The new Maine Legislature is sworn in, Wednesday, Dec. 7, 2022, in Augusta, Maine. Credit: Robert F. Bukaty / AP

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Last Wednesday, new and returning lawmakers who were victorious in the November elections were brought to Augusta and sworn in to the 131st Maine Legislature. Eighty-two Democrats, 67 Republicans and two independents took the oath of office in the House, and 22 Democrats and 13 Republicans did the same in the Senate.

Before they were shown where the bathroom was, Gov. Janet Mills was already asking them to rush through a massive spending package of $474 million, an unprecedented ask of lawmakers on their first day in office.

It was an odd choice for Mills, who campaigned as a collaborative, dealmaking centrist who was interested in working “across the aisle” with the other side to craft “common-sense” legislation that everyone could be happy with. To try to jam through a spending bill of that magnitude that quickly without any kind of public hearing, or really any level of detailed scrutiny on the proposal, is not exactly making good on that promise.

Instead, as someone who witnessed the legislative back and forth as I talked with Senate Republicans about this bill, it looks to me like a coldly political play. The governor likely knows that the bill, despite it being a goody bag of kickbacks to Maine voters in the way of checks, energy subsidies, and emergency housing assistance, would be classified only as a “heating aid bill” by the media who covered the legislative dispute.

This would, of course, make opposition to it uncomfortable enough that she could likely get the needed votes, which is exactly why House Republicans decided to seek changes to the bill, such as a broader eligibility for the heating assistance. That decision was based in a desire to live to fight another day, politically speaking, while exerting some small influence over what they considered inevitable.

It is no wonder they chose that path, given that supporters of the bill were saying that the bill was a matter of life or death.

It isn’t a matter of life and death, though. When reached for comment last week, Maine Housing Authority spokesperson Scott Thistle confirmed that the program through which heating assistance would be delivered, the Low-income Home Energy Assistance Program, was already funded. “[W]e do anticipate that LIHEAP funding will cover all the eligible applications that will be taken through the end of the program year in July,” he said.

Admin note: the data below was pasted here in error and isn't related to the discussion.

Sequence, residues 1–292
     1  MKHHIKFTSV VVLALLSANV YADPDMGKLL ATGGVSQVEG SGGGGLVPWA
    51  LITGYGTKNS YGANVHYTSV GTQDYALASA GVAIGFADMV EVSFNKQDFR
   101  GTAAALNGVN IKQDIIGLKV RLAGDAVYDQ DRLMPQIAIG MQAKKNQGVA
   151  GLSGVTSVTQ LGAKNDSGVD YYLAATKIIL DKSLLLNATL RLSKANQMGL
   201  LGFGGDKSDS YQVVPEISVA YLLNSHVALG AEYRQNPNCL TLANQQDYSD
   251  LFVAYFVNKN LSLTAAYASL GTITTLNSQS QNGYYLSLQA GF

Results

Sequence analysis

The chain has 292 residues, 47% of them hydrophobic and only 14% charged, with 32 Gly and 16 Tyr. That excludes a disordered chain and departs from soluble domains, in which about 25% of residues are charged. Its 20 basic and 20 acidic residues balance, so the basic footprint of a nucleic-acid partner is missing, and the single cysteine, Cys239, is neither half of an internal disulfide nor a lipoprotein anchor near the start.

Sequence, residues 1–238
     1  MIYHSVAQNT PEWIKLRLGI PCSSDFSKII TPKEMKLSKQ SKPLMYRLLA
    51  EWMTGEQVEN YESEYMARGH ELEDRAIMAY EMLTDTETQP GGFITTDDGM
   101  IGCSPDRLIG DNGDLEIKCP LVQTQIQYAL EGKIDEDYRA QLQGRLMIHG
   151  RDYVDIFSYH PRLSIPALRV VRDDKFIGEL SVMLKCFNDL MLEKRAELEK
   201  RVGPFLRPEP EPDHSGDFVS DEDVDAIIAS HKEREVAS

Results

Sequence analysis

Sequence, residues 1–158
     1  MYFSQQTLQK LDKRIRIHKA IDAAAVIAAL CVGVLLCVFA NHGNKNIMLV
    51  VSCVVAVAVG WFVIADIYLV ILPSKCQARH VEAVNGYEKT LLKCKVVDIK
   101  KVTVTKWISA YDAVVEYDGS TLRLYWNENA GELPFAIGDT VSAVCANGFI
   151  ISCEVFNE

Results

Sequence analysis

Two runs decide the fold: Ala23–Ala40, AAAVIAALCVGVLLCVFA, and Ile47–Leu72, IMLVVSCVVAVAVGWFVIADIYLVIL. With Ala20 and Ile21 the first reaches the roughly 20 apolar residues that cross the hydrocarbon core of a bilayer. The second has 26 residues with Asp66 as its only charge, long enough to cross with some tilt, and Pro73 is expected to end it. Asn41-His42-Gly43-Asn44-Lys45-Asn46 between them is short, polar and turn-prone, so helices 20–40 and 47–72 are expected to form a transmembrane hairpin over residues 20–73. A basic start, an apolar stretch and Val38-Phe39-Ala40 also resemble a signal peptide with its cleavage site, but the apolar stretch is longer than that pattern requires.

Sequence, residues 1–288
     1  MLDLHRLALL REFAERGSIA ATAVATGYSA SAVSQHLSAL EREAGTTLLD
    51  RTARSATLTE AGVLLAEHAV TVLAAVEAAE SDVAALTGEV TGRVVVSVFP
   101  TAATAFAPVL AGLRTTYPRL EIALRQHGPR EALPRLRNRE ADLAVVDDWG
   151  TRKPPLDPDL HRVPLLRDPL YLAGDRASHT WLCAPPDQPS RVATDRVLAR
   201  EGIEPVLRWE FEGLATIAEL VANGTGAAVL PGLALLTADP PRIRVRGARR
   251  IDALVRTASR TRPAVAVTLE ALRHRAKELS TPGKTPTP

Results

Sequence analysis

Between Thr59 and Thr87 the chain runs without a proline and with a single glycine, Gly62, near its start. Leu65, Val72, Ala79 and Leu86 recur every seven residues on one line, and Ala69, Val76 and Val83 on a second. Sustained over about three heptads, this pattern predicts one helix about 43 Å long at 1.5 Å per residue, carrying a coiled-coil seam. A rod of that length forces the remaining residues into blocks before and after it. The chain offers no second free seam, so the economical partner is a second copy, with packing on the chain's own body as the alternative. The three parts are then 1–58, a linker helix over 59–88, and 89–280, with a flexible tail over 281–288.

The notion that the bill needed to be passed, and passed immediately, or people will die, is simply untrue.

The administration strategy was, to me, simple to decode: maximize pressure, minimize time, to hopefully get what they wanted.  

If certain lawmakers by contrast don’t think the government should be constantly sending out checks to people like some kind of rich uncle trying to buy their love, too bad. If they had concerns that the heating oil assistance was poorly targeted and perhaps even redundant, tough. If they were interested in using excess state revenue to make some minor structural reforms to government, sit down. Vote for it, anyway.

Pass the bill, and pass it now, seemed to be the message.

The governor’s office, for its part, is claiming that Senate Republicans were pulling the rug out from under everyone’s feet. There was a deal, they claim, and the maniac “minority of a minority” in the upper chamber torpedoed it in some kind of politically-motivated stunt.

“It’s clear that Senate Republicans did not want to engage as the vote drew closer,” Mills spokesperson Scott Ogden said Tuesday. “They simply wanted to say no, and now the people of Maine are paying for it as temperatures drop.”

Senate Republican leader Trey Stewart disputed that notion in very strong language.“She absolutely knew the votes weren’t there and tried to strong arm them at the last minute,” he said.

In the end, I believe there will absolutely be a deal struck, and an affirmative vote on something will happen. Already Republican Sen. Rick Bennett and Democratic Sen. Nicole Grohoski have proposed what they are referring to as a “compromise” bill, shrinking some of the original spending, and rearranging the assistance targets.

Whether that is the vehicle through which a final passage takes place, or it is some other bill, something will pass. Even the Republicans who voted against the original proposal on Wednesday say it will happen, and happen relatively quickly.

But in the end, this one moment may be a harbinger of things to come, with much bigger fights over the state budget looming. When they begin, a key question for Republicans will be whether or not they have the stomach to fight against the growing impulse to turn government into an ATM machine, with the public treasury used as a slush fund for bread and circuses. One can only hope.

Matthew Gagnon, Opinion columnist

Matthew Gagnon of Yarmouth is the chief executive officer of the Maine Policy Institute, a free market policy think tank based in Portland. A Hampden native, he previously served as a senior strategist...